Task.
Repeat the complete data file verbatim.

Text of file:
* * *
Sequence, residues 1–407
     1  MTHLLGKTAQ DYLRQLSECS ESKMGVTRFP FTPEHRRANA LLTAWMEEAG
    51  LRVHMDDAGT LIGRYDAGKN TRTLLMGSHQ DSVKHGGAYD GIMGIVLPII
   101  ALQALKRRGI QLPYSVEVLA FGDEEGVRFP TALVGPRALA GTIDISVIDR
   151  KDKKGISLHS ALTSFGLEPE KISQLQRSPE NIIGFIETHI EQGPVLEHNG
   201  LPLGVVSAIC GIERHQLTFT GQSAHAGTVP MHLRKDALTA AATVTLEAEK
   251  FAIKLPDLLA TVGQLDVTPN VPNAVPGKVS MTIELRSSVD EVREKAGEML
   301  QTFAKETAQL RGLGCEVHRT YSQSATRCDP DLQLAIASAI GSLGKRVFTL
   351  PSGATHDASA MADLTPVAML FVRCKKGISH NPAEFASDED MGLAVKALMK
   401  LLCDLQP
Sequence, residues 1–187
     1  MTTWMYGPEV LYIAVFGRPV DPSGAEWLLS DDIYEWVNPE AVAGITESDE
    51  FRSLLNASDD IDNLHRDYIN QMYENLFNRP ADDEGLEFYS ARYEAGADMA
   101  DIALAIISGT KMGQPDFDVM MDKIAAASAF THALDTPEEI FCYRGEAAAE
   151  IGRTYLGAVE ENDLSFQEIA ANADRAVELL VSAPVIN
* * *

Sequence, residues 1–407
     1  MTHLLGKTAQ DYLRQLSECS ESKMGVTRFP FTPEHRRANA LLTAWMEEAG
    51  LRVHMDDAGT LIGRYDAGKN TRTLLMGSHQ DSVKHGGAYD GIMGIVLPII
   101  ALQALKRRGI QLPYSVEVLA FGDEEGVRFP TALVGPRALA GTIDISVIDR
   151  KDKKGISLHS ALTSFGLEPE KISQLQRSPE NIIGFIETHI EQGPVLEHNG
   201  LPLGVVSAIC GIERHQLTFT GQSAHAGTVP MHLRKDALTA AATVTLEAEK
   251  FAIKLPDLLA TVGQLDVTPN VPNAVPGKVS MTIELRSSVD EVREKAGEML
   301  QTFAKETAQL RGLGCEVHRT YSQSATRCDP DLQLAIASAI GSLGKRVFTL
   351  PSGATHDASA MADLTPVAML FVRCKKGISH NPAEFASDED MGLAVKALMK
   401  LLCDLQP
Sequence, residues 1–187
     1  MTTWMYGPEV LYIAVFGRPV DPSGAEWLLS DDIYEWVNPE AVAGITESDE
    51  FRSLLNASDD IDNLHRDYIN QMYENLFNRP ADDEGLEFYS ARYEAGADMA
   101  DIALAIISGT KMGQPDFDVM MDKIAAASAF THALDTPEEI FCYRGEAAAE
   151  IGRTYLGAVE ENDLSFQEIA ANADRAVELL VSAPVIN